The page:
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Greater Risk for Self-Harm in Young Black Women

By Associate News Editor
Reviewed by John M. Grohol, Psy.D. on September 3, 2010

Greater Risk for Self Harm in Young Black WomenFindings from a recent study suggest that programs and services that interface with people who self-harm should become more “culturally sensitive,” said researchers from the universities of Manchester and Oxford.

Out of nearly 15,000 people studied in the emergency departments of three cities, the study found that young, black women are highly more likely to self-harm than people from other races. The cities represented included Derby, Oxford and Manchester.

The rates for young, black women were consistently higher in all three cities. In Manchester alone, the rate for self-harm among black women was 10.3 per 1,000 compared to 6.6 per 1,000 for whites.

“To our knowledge, this is the first study to show significantly higher rates of self-harm in young black females across a number of cities using large population-based databases, “said Dr. Jayne Cooper, of the Centre for Suicide Prevention at the University of Manchester and lead author of the research, adding that the results did not provide clear knowledge as to why young black females had higher rates.

Cooper suggested that the answer could rest with the fact that young black women appear to face a higher degree of social problems. Offering an example, she added that the study revealed that young black women were more likely to be unemployed or report housing problems than white women.

“We also found that people from ethnic minority groups who self-harmed were more likely to be students than their white counterparts, and so may be under academic pressure,” she said.

Comparatively, the rates were quite different for young, black men. Statistics revealed that both young, black and white men in the same three cities had similar rates of self-harm. The study also revealed that rates were lower for older, black men when compared to their white counterparts.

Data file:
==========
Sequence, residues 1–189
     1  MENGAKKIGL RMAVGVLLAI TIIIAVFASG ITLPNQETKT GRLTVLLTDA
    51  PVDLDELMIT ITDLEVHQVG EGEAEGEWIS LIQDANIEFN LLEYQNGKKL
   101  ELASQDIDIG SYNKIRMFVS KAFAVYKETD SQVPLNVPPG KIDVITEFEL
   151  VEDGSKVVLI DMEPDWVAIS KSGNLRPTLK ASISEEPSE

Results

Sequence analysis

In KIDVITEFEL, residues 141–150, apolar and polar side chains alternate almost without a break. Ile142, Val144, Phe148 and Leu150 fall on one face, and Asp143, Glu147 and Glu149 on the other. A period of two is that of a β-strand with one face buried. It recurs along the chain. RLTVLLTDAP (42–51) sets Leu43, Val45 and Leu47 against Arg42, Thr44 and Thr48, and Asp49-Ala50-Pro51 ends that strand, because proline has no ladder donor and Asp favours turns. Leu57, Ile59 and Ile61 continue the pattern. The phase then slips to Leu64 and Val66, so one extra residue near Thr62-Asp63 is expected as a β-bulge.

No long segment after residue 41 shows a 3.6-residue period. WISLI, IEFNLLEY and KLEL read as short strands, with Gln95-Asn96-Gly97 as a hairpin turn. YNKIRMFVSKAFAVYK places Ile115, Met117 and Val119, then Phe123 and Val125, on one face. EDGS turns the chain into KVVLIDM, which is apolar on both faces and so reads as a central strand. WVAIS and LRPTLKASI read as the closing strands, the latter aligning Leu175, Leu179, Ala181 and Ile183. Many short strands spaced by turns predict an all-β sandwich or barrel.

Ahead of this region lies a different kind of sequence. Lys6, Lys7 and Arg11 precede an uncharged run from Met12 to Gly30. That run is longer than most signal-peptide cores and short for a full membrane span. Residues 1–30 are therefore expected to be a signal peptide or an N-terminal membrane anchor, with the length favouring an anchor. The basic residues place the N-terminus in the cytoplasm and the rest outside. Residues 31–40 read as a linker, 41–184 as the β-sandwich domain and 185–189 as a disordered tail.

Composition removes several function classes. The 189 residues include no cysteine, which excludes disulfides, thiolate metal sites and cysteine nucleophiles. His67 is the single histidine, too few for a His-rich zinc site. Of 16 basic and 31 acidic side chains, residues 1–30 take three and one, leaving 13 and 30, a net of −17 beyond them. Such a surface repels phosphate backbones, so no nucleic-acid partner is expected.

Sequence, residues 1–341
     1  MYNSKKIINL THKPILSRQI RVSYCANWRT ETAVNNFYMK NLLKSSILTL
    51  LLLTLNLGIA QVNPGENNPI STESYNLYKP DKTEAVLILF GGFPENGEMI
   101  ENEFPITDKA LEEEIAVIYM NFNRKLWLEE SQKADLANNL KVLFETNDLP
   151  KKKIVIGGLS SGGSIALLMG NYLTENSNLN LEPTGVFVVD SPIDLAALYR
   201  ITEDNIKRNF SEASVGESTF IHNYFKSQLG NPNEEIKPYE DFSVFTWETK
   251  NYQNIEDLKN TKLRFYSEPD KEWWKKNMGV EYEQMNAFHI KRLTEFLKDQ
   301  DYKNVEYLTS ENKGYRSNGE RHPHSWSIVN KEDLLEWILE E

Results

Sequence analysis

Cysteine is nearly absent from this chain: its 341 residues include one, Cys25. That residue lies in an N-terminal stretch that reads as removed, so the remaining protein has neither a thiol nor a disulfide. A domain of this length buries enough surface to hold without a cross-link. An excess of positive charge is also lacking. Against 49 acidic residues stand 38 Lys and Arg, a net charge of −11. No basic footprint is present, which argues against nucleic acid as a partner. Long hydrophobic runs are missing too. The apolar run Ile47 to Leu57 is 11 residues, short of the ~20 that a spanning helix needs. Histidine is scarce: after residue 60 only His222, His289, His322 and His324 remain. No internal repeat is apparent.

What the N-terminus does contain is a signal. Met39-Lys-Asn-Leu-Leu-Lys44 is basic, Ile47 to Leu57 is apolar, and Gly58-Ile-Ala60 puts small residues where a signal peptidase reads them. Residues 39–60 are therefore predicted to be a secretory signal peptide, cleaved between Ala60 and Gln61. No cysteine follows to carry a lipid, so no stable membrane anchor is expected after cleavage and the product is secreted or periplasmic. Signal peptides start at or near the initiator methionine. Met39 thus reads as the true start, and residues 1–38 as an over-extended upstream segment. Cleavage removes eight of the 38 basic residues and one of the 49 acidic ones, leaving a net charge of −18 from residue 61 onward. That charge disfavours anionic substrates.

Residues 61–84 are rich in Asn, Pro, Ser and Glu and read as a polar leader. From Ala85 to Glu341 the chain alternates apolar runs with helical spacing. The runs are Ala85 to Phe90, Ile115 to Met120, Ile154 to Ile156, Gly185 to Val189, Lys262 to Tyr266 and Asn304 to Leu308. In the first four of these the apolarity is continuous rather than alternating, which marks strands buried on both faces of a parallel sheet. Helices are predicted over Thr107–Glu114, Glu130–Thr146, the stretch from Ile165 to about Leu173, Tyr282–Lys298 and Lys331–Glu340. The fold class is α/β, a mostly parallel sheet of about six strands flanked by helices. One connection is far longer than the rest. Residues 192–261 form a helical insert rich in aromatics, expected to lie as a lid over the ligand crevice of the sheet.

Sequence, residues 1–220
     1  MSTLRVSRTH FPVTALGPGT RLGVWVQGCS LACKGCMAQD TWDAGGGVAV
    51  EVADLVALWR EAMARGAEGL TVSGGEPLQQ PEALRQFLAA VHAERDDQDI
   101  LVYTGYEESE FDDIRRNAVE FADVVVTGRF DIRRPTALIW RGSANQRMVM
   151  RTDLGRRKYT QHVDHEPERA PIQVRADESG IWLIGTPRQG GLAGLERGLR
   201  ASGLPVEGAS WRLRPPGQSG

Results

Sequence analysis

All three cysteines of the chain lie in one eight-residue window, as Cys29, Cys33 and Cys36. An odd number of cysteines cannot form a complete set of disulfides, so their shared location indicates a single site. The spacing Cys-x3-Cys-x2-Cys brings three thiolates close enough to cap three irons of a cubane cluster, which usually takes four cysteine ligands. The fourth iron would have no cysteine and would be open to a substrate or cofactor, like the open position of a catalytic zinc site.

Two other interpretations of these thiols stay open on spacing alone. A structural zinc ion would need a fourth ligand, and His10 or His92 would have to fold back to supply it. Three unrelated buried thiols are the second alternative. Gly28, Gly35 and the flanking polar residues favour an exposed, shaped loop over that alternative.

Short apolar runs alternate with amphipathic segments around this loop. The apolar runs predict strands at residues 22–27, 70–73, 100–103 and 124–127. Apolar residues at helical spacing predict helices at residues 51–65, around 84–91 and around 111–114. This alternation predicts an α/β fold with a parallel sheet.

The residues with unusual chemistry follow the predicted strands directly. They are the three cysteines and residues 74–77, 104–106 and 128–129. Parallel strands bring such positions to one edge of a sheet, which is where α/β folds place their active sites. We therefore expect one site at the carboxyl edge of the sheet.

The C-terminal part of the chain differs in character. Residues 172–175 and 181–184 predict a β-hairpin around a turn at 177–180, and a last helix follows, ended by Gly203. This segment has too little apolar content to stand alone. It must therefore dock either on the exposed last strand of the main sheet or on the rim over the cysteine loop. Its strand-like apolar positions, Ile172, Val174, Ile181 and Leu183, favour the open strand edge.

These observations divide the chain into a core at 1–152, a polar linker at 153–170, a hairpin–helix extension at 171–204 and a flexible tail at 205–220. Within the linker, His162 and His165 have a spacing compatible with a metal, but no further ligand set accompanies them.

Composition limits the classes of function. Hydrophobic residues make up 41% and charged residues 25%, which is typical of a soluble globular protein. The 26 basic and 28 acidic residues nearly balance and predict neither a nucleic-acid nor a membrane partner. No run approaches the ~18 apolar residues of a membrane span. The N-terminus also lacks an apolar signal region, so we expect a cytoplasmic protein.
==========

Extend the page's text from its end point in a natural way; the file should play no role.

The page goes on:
Statistics reveal that minority groups, including black people, are less likely to receive a thorough psychiatric assessment or access followup services after episodes of self-harm, making them more vulnerable to ongoing mental health issues.

Confirming that statistic, researchers with this study also found that young, black women were less likely to receive a specialist assessment or receive appropriate care with further episodes of self-harm.

“Despite the increased risk of self-harm in young black females, we found that fewer receive psychiatric care,” Cooper said, noting that they are often identified as ‘low risk’ for another attempt at self-harm.

Patients who self-harm are often considered high risk if they live by themselves, have used a substance in a previous self-harm attempt or have a prior history of self-harm. Cooper pointed out that many of the young, black women that presented during the study did not have these characteristics.

She added that, “they may also not communicate their distress to clinical staff as much, and be less likely to admit to depression. It has also been suggested that black and minority ethnic groups may find themselves disillusioned with the services they receive, and so be reluctant to return to hospital if they self-harm again.”  

Cooper concluded that the findings of the study “have important implications” for the way services are provided to those who self-harm.

“The challenge is to make services more culturally sensitive, and ensure that everyone receives assessment and appropriate management following self-harm,” she said.

This new research is published in the September issue of the British Journal of Psychiatry.

 

APA Reference
Chavis, S. (2010). Greater Risk for Self-Harm in Young Black Women. Psych Central. Retrieved on November 22, 2014, from http://psychcentral.com/news/2010/09/03/greater-risk-for-self-harm-in-young-black-women/17607.html